CANBERRA Parts of Australia's key Murray-Darling river food bowl may be beyond recovery unless a prolonged dry spell and political wrangling over water use ends by October, a leaked scientific report warned on Wednesday.
"There has been 10 years at least that people have said you have got to restore the environmental flows to the system if you wish to keep the natural assets. We have failed to do that," University of Adelaide ecologist David Paton told local radio.
The Murray-Darling river basin, an area the size of France and Germany, produces 41 percent of Australia's agriculture and provides $21 billion worth of agricultural exports to Asia and the Middle East, including rice, corn, grapes and dairy.
But the government wants to secure water supplies and repair ailing rivers with an A$13 billion ($12.2 billion), 10-year water plan topped by a A$3 billion deal to buy river water back from irrigators.
The centre-left Labor government of Prime Minister Kevin Rudd deferred consideration of a scientific report into the crisis facing the basin's lower reaches until a ministerial meeting with state counterparts in November.
But Paton and other ecologists say much of the river system could be virtually dead by then, with vegetation on the lower Murray lost and fish species driven to extinction.
The lower Murray, where vast wetlands and lakes meet the sea, is an important region for horticulture, vegetable and pasture cropping, as well as dairy farming.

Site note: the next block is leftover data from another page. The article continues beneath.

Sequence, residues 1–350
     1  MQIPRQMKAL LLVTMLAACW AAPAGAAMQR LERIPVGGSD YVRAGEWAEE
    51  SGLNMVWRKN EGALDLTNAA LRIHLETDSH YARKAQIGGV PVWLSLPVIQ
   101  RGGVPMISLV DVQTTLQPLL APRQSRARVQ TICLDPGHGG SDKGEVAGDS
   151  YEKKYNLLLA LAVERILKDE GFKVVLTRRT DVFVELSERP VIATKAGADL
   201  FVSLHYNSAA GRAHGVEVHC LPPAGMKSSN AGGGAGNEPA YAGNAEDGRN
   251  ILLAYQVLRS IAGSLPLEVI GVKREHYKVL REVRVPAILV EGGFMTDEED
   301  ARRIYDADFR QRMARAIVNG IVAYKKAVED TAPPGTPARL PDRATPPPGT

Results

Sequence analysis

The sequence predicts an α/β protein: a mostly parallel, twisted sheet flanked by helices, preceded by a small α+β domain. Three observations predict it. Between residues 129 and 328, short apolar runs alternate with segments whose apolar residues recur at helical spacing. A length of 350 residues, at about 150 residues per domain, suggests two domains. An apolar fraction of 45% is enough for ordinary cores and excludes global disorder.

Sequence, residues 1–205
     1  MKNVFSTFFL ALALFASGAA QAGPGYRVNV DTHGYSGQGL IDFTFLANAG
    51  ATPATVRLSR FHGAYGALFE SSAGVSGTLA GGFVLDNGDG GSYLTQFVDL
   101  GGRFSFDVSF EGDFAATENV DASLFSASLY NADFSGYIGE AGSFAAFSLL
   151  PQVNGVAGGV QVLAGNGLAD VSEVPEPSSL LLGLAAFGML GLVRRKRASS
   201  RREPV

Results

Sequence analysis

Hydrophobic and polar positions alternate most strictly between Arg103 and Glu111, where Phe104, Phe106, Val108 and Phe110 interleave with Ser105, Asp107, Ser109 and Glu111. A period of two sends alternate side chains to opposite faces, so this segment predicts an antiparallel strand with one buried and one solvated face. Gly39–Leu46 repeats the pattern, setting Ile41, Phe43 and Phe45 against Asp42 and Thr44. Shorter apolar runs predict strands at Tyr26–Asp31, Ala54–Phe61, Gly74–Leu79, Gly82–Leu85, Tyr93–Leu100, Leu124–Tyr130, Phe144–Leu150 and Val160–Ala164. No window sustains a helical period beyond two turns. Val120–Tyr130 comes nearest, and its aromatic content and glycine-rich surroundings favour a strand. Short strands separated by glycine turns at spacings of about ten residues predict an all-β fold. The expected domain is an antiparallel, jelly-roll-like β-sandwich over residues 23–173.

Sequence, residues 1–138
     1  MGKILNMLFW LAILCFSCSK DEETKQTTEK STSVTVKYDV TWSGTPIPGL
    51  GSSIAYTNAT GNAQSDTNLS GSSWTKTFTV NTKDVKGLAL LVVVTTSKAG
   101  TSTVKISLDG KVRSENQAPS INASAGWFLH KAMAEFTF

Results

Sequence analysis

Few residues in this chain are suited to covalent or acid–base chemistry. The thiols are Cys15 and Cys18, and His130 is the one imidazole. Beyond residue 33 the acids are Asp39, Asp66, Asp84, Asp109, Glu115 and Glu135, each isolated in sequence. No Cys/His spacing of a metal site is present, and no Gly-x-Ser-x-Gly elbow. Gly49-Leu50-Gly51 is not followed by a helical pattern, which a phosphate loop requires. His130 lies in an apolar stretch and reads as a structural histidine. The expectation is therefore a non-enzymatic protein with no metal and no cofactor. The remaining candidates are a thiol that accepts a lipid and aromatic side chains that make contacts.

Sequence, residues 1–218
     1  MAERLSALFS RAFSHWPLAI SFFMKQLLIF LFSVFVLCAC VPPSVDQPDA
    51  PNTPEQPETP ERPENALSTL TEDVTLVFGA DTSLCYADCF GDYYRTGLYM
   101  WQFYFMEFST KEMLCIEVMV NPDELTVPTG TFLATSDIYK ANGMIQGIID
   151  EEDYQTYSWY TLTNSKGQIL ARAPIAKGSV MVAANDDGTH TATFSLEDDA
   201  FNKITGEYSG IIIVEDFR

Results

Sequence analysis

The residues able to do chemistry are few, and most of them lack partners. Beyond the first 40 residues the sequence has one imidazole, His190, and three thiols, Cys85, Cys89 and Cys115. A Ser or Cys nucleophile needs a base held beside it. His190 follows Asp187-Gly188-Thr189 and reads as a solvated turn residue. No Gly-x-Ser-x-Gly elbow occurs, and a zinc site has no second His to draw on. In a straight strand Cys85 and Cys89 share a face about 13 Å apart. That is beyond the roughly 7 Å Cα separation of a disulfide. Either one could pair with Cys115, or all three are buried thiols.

Environment Minister Peter Garrett said the government was aware the situation in the region was critical, but negotiations to better manage water flows were "tough and difficult".
"Recognizing the seriousness of what's happening in the lower Murray is something that is front of mind for this government," he told Reuters. "These are particularly difficult times for the Murray ... with such low inflows."
Australian Greens Senator Bob Brown accused the government of "environmental vandalism" for not acting with more urgency.
"The government's missing in action when it comes to the greatest river system in this country and the urgent need for action," Brown said.
Australia, the driest inhabited continent on Earth, has been suffering more than seven years of drought, with water inflows into the nation's rivers at record lows and farmers facing tough restrictions on irrigation.
Climate scientists have warned the continent is suffering accelerated climate change, with temperatures expected to rise by about 1 degree Celsius by 2030 and rainfall forecast to decrease by up to 20 percent by 2070 in the most populous southeast.
Australia this week cut its wheat output forecast by nearly 9 percent after the return of dry weather during a crucial planting period dashed hopes for a record crop from the world's second-biggest exporter.
(Reporting by Rob Taylor; Editing by Alex Richardson and Jerry Norton)